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Nombre de programmes trouvés : 6513
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le (3m8s)

3.5. Lee and Brickell Algorithm

In this fifth session, we will study a variant of information set decoding proposed by Lee and Brickell. So, the main idea consists in relaxing the Prange algorithm to amortize the cost of the Gaussian elimination. So, instead of error patterns with all positions on the left, we will allow error patterns of the form given in the slide. So, in the left part we have w-p coordinate to 1 and on the right hand side we allow a small number p of positions to have a value 1. So, at each ...
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le (6m37s)

3.6. Stern/Dumer Algorithm

In this session, we will present the Stern algorithm for decoding. In fact, the idea is to combine two algorithms that we have seen before, the Lee and Brickell algorithm and the Birthday Decoding.  So, instead of a full Gaussian elimination, we will simply have a partial Gaussian elimination as presented here. And if we look at the lower part, what is called step 1, in red here in this slide, it is, in fact, a smaller CSD problem with a smaller matrix H', with a smaller target syndrome s' and with ...
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le (7m28s)

3.7. May, Meurer, and Thomae Algorithm

So, with the session 7 we are entering the most advanced part of that course. The idea of what I called the  Improved Birthday Decoding is to use the so-called "representation technique" introduced by Howgrave-Graham and Joux in 2010 in which we will relax the way we construct the two lists in Birthday Decoding. So, if you remember, we could relax the size of the matrices H1 and H2 slightly to gain a polynomial factor on Birthday Decoding. But, we may push the idea further and increase the size of H1 and ...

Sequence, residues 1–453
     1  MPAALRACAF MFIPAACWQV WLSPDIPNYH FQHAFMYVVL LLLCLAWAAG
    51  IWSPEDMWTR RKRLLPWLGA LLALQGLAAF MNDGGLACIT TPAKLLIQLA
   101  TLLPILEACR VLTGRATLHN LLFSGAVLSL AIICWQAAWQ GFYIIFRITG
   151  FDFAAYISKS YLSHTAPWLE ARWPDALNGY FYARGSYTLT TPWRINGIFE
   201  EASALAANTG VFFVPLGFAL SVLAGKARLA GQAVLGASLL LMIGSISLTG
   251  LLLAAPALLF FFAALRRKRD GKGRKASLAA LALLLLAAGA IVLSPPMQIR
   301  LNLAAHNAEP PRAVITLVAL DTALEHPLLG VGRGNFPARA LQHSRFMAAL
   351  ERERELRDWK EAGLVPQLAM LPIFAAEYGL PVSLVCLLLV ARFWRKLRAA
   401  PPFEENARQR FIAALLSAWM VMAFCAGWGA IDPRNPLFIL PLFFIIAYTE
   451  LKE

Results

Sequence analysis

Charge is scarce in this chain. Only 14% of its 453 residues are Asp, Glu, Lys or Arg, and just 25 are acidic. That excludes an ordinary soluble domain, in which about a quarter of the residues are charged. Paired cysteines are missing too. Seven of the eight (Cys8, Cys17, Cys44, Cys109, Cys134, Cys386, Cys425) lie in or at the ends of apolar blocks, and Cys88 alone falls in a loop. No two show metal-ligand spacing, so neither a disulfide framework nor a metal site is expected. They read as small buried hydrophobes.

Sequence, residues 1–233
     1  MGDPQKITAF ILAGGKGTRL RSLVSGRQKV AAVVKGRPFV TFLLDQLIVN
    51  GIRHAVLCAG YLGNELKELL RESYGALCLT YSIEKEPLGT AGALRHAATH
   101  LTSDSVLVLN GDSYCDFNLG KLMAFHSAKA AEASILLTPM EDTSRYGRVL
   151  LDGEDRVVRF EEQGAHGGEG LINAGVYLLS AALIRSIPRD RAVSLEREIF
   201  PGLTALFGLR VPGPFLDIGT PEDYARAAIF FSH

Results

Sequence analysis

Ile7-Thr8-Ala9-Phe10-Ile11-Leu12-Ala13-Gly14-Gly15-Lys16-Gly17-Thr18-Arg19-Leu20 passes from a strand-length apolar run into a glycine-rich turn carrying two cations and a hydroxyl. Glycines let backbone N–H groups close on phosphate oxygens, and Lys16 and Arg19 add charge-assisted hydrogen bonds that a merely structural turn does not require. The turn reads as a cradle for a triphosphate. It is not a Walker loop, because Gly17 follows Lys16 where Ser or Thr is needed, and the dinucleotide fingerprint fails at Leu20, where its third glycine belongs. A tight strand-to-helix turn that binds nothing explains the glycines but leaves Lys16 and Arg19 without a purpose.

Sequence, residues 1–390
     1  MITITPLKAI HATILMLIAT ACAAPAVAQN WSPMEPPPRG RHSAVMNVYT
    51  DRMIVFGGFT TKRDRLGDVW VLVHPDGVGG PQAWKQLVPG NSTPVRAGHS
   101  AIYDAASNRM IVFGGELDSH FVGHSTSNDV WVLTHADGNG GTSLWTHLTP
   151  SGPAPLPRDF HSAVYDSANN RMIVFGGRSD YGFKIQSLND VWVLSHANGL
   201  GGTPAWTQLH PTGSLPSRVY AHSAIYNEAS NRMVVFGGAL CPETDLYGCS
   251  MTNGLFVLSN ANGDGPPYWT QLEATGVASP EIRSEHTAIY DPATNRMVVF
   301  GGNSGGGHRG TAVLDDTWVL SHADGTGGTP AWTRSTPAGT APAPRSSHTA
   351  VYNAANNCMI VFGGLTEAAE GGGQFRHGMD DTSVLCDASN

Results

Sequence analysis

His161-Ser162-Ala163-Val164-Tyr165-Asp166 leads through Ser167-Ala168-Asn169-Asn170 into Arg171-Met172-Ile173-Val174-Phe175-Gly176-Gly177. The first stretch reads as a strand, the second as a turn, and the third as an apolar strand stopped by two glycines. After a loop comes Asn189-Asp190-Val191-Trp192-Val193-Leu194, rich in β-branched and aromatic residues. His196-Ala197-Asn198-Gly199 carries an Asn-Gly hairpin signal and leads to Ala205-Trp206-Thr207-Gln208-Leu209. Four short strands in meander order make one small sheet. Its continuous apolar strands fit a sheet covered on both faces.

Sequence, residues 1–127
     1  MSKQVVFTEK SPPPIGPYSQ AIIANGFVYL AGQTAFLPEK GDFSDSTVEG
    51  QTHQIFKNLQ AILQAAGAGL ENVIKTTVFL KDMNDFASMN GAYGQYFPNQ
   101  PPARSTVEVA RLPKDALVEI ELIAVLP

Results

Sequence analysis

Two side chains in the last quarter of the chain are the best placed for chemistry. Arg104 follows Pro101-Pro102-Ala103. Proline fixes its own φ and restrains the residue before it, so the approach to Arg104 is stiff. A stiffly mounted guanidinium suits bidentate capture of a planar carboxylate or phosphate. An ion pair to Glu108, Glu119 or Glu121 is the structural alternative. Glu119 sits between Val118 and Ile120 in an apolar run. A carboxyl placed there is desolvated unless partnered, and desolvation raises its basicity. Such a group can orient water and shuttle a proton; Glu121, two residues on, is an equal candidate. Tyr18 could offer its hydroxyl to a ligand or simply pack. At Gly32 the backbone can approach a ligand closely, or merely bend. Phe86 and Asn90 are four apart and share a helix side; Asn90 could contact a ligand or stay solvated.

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le (8m33s)

3.8. Becker, Joux, May, and Meurer Algorithm

Now in session 8, we will present yet another evolution of information set decoding. Before presenting this improvement, we will first improve the Birthday Decoding algorithm what I call a Further Improvement of Birthday Decoding. I will consider the two following lists. The difference between those two lists and those we had before is the + ɛ that you can find in the weight of the errors e1 and e2. Those lists depend on another parameter ɛ. What is the meaning of that parameter? Well, the idea is the following: if ...
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le (8m27s)

3.9. Generalized Birthday Algorithm for Decoding

The session nine is devoted to the application of the Generalized Birthday Algorithm to decoding. The Generalized Birthday Algorithm was presented by David Wagner in 2002, in a more general context. In fact, at order a, the Generalized Birthday Algorithm solves the following problem: we are given 2^a lists of vectors of size L and we want to find xi, one in every list Li, such that the sum of all the xi is 0. If the lists Li are large enough, then the algorithm runs in time 2^(l/(a+1)). Note that the ...
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le (8m37s)